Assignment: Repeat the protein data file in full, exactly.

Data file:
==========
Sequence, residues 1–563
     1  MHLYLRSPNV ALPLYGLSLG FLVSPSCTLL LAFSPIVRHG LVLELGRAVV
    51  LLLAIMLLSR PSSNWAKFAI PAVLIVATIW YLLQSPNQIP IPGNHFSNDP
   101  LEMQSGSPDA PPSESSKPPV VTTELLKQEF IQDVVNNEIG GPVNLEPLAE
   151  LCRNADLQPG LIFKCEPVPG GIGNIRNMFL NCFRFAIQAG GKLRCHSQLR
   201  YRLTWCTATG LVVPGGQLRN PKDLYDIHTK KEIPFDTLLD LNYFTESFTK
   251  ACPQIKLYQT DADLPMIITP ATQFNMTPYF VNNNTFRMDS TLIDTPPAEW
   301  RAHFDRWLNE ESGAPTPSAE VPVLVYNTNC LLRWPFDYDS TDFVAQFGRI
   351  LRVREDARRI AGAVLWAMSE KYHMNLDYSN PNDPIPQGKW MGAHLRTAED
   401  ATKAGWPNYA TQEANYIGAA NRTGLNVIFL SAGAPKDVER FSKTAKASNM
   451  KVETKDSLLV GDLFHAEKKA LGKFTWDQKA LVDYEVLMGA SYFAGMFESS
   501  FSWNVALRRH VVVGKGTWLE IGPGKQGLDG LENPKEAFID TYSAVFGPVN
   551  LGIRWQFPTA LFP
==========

Sequence, residues 1–563
     1  MHLYLRSPNV ALPLYGLSLG FLVSPSCTLL LAFSPIVRHG LVLELGRAVV
    51  LLLAIMLLSR PSSNWAKFAI PAVLIVATIW YLLQSPNQIP IPGNHFSNDP
   101  LEMQSGSPDA PPSESSKPPV VTTELLKQEF IQDVVNNEIG GPVNLEPLAE
   151  LCRNADLQPG LIFKCEPVPG GIGNIRNMFL NCFRFAIQAG GKLRCHSQLR
   201  YRLTWCTATG LVVPGGQLRN PKDLYDIHTK KEIPFDTLLD LNYFTESFTK
   251  ACPQIKLYQT DADLPMIITP ATQFNMTPYF VNNNTFRMDS TLIDTPPAEW
   301  RAHFDRWLNE ESGAPTPSAE VPVLVYNTNC LLRWPFDYDS TDFVAQFGRI
   351  LRVREDARRI AGAVLWAMSE KYHMNLDYSN PNDPIPQGKW MGAHLRTAED
   401  ATKAGWPNYA TQEANYIGAA NRTGLNVIFL SAGAPKDVER FSKTAKASNM
   451  KVETKDSLLV GDLFHAEKKA LGKFTWDQKA LVDYEVLMGA SYFAGMFESS
   501  FSWNVALRRH VVVGKGTWLE IGPGKQGLDG LENPKEAFID TYSAVFGPVN
   551  LGIRWQFPTA LFP